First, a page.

“We All Go a Little Mad Sometimes”
This scene is a brilliant example of crosscutting and the 180 degree rule, during the conversation between Marion and Norman. When Norman speaks of his mother saying “I hate what she’s become”, the camera is at a lower angle which is looking up at him. This give him the appearance of dominance because he appears very big and threatening. This feeling of threat is also implemented by the stuffed owl on the left side of the shot. The owl is in a pose that portrays it swooping down on its unsuspecting prey. This is similar to the way that Norman is luring Marion in before he decides to swoop. Seen in the shot also are 2 pictures of exposed women, one trying to cover-up, the other appears being attacked by men. This is very discrete foreshadowing, showing how Marion is going to be exposed and attacked.
Another brilliant shot of Norman is when he challenges the idea of putting his mother in an institution. He leans forward, closer to the camera, like he’s entering our space, making us (and Marion) uncomfortable. We can clearly view the discomfort of Marion from her reaction shot and her surprised look. The feeling of menace arises again as more high pitched and sharp music plays, yet it’s slow which fills us with suspense, waiting for the climax. Norman finally leans back when saying he had a similar idea, which puts us at ease for a second. That ease is short lived when he leans forward and proclaims “We all go a little mad sometimes”. This is another big hint in what is to come.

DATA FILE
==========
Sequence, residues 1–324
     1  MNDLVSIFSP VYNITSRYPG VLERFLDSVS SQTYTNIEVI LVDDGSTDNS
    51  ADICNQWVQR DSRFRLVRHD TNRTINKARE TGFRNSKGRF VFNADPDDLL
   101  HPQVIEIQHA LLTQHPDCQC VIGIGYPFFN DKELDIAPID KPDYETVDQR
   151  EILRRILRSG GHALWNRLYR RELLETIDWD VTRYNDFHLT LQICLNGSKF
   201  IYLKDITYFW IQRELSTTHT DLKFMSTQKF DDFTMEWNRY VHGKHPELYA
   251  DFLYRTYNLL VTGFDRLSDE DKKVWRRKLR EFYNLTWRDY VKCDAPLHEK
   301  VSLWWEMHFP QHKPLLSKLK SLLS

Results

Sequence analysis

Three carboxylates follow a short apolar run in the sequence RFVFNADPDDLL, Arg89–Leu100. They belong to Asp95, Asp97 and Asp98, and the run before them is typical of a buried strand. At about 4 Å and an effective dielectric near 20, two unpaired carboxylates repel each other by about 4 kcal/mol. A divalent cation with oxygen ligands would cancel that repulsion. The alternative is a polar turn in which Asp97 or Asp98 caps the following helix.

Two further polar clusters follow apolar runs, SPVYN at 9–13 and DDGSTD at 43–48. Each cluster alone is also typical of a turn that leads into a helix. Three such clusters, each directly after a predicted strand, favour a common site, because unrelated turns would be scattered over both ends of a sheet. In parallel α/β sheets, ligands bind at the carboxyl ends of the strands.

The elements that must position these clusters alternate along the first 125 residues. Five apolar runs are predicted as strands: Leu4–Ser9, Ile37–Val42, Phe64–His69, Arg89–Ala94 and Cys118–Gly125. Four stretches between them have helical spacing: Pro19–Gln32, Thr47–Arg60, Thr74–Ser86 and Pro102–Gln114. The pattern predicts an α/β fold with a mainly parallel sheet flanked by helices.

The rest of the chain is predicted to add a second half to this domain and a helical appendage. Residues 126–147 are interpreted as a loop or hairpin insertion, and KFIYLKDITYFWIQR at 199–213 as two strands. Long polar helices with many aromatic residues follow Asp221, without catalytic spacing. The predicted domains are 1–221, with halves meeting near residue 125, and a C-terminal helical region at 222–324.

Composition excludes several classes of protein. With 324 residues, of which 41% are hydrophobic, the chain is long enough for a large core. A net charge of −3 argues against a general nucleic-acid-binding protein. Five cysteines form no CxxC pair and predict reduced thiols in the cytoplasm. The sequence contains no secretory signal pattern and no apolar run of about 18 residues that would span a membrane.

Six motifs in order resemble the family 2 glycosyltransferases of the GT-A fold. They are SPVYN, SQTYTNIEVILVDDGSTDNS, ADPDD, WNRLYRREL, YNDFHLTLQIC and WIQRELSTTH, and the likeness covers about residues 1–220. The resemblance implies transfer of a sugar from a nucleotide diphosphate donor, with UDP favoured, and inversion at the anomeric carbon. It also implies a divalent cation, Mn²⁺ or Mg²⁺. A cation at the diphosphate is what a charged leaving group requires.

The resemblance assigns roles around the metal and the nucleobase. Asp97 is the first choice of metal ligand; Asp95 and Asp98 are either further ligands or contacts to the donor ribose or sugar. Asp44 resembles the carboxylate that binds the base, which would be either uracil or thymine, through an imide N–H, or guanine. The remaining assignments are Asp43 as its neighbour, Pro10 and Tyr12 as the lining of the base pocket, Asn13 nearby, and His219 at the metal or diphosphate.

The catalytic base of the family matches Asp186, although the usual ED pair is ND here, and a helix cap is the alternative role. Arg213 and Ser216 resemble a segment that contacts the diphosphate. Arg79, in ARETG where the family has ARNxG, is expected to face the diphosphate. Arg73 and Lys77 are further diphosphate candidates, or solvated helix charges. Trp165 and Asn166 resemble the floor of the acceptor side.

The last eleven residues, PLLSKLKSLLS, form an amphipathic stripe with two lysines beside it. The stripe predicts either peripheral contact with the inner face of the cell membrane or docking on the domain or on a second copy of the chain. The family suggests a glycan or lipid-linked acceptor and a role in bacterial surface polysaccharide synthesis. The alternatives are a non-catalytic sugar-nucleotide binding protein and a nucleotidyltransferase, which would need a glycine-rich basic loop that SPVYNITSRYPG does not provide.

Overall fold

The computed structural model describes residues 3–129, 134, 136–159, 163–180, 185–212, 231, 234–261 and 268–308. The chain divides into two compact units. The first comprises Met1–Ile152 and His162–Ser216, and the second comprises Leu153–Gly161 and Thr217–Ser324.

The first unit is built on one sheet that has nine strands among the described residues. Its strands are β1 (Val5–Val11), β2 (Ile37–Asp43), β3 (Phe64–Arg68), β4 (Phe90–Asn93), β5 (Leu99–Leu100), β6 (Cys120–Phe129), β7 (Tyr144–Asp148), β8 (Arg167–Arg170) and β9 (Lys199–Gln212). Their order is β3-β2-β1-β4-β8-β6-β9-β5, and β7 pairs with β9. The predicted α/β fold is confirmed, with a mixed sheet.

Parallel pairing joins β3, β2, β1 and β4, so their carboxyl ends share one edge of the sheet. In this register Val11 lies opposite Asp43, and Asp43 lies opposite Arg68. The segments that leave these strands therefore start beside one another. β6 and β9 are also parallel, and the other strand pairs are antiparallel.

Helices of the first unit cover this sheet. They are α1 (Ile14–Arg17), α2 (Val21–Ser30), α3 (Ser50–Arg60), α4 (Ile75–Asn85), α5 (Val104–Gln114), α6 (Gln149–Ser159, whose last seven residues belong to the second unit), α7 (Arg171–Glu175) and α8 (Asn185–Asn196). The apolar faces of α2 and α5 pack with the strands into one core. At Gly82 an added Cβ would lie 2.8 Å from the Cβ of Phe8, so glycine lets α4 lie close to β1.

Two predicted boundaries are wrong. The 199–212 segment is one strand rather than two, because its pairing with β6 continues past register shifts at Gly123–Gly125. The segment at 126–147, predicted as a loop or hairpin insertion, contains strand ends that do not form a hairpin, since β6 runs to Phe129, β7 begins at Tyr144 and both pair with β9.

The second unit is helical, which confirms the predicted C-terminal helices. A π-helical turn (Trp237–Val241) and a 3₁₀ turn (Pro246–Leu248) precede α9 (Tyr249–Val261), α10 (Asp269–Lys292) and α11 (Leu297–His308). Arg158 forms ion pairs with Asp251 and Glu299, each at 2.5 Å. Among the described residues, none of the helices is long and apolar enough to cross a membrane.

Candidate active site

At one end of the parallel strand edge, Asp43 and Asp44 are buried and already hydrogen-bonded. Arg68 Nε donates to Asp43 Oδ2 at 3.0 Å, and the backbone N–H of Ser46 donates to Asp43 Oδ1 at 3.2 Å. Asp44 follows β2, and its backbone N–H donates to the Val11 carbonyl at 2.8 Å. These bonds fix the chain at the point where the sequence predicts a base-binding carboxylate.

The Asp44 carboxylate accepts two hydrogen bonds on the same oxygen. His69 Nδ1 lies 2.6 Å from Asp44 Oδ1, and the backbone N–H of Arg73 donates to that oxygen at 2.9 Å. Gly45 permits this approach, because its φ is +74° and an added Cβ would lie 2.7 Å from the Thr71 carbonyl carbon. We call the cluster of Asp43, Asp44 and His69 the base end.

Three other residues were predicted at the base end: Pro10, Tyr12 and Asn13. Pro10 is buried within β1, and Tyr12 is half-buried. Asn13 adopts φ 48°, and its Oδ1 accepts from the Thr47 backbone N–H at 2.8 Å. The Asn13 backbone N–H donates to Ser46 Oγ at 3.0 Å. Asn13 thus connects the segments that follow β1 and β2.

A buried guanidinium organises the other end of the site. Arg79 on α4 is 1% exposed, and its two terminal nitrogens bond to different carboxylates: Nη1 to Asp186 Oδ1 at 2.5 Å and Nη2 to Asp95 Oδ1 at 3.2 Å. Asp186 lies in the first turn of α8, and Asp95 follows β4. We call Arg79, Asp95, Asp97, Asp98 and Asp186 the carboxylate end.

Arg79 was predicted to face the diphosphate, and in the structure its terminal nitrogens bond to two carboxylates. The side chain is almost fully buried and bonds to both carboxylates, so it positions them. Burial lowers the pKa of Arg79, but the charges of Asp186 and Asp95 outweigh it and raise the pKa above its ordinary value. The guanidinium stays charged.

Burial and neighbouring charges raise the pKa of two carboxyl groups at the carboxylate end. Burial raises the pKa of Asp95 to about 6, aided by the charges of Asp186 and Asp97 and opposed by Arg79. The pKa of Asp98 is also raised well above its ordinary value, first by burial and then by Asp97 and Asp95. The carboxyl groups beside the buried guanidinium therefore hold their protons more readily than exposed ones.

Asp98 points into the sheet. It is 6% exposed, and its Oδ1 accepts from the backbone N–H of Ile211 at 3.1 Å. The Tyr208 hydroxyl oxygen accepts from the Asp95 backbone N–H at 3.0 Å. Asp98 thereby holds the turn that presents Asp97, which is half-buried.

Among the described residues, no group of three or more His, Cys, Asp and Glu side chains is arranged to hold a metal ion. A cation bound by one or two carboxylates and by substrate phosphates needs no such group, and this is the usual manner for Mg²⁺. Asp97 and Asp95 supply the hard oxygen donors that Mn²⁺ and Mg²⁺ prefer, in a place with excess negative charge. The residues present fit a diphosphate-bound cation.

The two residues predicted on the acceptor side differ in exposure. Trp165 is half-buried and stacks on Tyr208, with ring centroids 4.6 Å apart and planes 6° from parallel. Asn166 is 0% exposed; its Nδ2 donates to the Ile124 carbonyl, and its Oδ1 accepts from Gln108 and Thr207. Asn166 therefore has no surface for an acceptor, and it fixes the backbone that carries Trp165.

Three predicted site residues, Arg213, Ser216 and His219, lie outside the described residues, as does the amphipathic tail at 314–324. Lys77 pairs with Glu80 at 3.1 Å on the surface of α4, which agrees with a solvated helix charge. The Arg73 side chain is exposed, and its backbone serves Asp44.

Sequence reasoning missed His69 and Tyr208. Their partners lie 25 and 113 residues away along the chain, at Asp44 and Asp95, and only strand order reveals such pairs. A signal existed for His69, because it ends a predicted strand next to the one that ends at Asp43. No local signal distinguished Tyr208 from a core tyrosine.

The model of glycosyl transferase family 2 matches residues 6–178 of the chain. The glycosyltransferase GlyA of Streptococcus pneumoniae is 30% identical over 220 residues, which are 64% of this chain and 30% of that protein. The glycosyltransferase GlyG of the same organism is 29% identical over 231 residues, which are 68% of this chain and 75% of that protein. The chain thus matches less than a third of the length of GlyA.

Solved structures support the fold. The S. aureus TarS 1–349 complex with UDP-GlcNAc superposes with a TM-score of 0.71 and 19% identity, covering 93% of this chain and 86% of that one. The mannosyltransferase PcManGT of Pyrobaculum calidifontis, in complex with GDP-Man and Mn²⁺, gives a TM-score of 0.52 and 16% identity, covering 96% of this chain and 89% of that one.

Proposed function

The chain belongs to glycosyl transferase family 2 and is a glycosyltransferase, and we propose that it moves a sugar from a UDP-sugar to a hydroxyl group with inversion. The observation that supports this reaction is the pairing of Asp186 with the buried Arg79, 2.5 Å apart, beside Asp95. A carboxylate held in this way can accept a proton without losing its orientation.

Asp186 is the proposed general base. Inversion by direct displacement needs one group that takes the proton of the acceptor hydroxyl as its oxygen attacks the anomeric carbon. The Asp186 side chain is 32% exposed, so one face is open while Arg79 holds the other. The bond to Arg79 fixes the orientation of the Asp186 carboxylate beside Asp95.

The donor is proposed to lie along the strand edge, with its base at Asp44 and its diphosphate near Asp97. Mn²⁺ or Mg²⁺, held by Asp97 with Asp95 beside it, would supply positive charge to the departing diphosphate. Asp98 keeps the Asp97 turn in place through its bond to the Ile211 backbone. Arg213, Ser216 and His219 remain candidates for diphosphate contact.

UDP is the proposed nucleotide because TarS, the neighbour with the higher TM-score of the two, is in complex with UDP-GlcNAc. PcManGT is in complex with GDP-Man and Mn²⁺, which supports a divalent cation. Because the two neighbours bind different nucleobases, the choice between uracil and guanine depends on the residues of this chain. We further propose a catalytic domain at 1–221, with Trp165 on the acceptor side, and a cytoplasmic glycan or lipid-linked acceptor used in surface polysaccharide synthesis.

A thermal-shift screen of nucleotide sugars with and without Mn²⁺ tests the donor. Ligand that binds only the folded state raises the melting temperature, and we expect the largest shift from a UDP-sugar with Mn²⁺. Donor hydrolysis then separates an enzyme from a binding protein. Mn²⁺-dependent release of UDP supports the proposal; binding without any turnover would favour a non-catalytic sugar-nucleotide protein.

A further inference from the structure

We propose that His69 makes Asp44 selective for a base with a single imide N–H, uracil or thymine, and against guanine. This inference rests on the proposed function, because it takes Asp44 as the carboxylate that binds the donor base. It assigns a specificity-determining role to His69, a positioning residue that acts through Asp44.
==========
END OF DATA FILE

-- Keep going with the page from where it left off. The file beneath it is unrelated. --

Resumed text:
The lighting and colour of clothing helps us to understand the character’s intentions and frame of mind in the scene. Marion is wearing lighter clothing and her face is reasonably well lit up. This depicts innocence and light heartedness. It’s especially shown when she politely suggests putting Norman’s mother into care to try and make his life easier. Norman appears a binary opposite. He is wearing dark clothing and half of his face is covered with shadow. The shadow shows two different sides to him, or infact revealing the other side of him which we hadn't previously seen and is coming out now. With his dark clothes come the darker side of his personality as he talks of his mother in an unstable and distressing way, at some points also seeming to be speaking from a first-person perspective, like when he talks of a “Mad House”, it’s as though he know how it feels to be in one.